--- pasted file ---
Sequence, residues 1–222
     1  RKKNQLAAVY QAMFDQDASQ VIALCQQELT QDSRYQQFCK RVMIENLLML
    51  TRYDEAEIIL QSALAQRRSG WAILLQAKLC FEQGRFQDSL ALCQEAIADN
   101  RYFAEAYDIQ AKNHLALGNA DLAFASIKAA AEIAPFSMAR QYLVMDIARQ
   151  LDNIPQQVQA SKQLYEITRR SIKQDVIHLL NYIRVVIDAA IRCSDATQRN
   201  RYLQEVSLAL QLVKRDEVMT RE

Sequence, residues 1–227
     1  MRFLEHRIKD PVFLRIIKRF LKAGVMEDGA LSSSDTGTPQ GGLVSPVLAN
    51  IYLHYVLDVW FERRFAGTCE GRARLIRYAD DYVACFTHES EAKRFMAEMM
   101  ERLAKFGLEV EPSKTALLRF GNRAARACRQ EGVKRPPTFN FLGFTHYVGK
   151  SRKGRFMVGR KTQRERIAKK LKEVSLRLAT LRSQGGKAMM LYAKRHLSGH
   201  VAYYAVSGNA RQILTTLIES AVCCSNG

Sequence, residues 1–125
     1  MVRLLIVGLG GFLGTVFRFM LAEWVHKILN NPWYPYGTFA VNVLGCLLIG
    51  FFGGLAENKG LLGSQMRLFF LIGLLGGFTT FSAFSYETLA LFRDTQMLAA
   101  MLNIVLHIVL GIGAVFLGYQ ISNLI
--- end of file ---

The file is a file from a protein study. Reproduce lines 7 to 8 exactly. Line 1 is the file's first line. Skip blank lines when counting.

Sequence, residues 1–227
     1  MRFLEHRIKD PVFLRIIKRF LKAGVMEDGA LSSSDTGTPQ GGLVSPVLAN